From: "Jerome R. Cronk" <firstname.lastname@example.org>
Date: 7/19/98 4:09pm
Subject: Public Comment
To: Committee on Pubic Interest In Broadcasting:
You are doing a most important work. Keep it up.
I wholeheartedly support your recommendations that PBS stations get to keep
their second 6MHz spectrum past the cutoff date, and that these public
broadcasters hook up with public libraries and public schools in a
cooperative community effort to make education widely available. I also
support the idea that there be more local community control.
A vital public broadcasting system, that affords opportunities for
consideration and thorough, open debate of a wide variety of political,
social, economic and other public interest issues is essential to the
preservation and advancement of our democratic society. The airways belong
to the public and a significant part of the spectrum, both in the hands of
private and public broadcasters, should be devoted exclusively to the public
interest. That means especially that there be an opportunity for a full
airing of issues of public interest in a fair, balanced format that allows
for a thorough exploring of the factual, moral and public policy issues.
The unanswered inundation of the airways with paid advertising in opposition
to health care reform proposals and tobacco legislation is an abomination of
the democratic process. The public deserves a full and fair airing of such
issues, not a one-sided deluge of slogans and misleading sound bites.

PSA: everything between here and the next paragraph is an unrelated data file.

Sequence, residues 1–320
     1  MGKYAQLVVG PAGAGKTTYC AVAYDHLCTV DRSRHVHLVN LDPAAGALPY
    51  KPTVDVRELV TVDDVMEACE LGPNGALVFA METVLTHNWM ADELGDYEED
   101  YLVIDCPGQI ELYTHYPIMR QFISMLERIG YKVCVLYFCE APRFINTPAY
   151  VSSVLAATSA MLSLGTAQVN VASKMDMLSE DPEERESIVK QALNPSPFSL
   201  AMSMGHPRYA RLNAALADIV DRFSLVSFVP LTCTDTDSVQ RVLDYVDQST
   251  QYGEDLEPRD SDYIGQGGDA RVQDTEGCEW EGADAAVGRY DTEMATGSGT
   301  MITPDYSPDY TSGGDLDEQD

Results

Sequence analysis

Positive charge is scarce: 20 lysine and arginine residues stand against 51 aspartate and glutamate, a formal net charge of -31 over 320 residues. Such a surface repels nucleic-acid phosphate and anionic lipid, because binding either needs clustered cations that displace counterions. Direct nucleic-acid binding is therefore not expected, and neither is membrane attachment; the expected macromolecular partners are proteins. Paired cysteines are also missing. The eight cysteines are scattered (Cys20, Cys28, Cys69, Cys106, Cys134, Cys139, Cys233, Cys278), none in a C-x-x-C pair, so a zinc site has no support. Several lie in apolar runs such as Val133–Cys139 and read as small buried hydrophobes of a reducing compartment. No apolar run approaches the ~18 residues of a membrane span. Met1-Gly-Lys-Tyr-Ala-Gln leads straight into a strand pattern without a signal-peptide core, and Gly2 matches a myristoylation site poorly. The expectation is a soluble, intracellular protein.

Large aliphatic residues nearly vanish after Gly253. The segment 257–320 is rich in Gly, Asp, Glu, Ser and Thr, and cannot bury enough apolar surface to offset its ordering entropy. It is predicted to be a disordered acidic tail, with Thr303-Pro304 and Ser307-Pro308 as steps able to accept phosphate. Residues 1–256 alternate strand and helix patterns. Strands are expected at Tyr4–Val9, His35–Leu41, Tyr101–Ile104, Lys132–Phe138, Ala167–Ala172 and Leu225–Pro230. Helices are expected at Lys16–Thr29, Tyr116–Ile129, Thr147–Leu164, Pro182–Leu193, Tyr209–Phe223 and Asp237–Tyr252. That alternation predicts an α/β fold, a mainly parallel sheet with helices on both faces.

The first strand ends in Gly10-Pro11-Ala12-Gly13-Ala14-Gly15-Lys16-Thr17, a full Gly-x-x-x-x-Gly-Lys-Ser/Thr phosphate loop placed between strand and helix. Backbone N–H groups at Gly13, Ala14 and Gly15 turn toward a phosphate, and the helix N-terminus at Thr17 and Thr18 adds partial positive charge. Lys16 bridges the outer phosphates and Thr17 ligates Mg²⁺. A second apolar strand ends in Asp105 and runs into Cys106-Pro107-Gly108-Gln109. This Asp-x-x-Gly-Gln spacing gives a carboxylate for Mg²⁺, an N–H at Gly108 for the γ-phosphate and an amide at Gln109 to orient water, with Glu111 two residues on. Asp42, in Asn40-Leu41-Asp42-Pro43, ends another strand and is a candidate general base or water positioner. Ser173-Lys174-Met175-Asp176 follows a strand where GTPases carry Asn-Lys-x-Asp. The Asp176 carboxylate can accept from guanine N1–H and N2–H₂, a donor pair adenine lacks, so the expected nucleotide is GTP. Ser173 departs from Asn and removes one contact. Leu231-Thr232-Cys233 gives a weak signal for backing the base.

Democracy can only function if freedom of speech really means something. It
means nothing if people only hear one side of an issue. There is no free
market of ideas if only certain ideas are available in the marketplace.
There is no free market when some ideas drown out others through their
universal, unilateral dissemination and shear repetition.
This means that public broadcasting - both the portion available on
commercial outlets and that belonging to the dedicated public channels - is
the only option available to right that imbalance. And that means that you
must include in your recommendations that public and private broadcasters be
required to offer significant free air time to open debate of public issues
and to all credible candidates for public office. (By the way, I would
define "credible candidates" as those demonstrating some minimal measure of
public support, as for example, gaining 7% or 8% of the vote in a prior
Jerome R. Cronk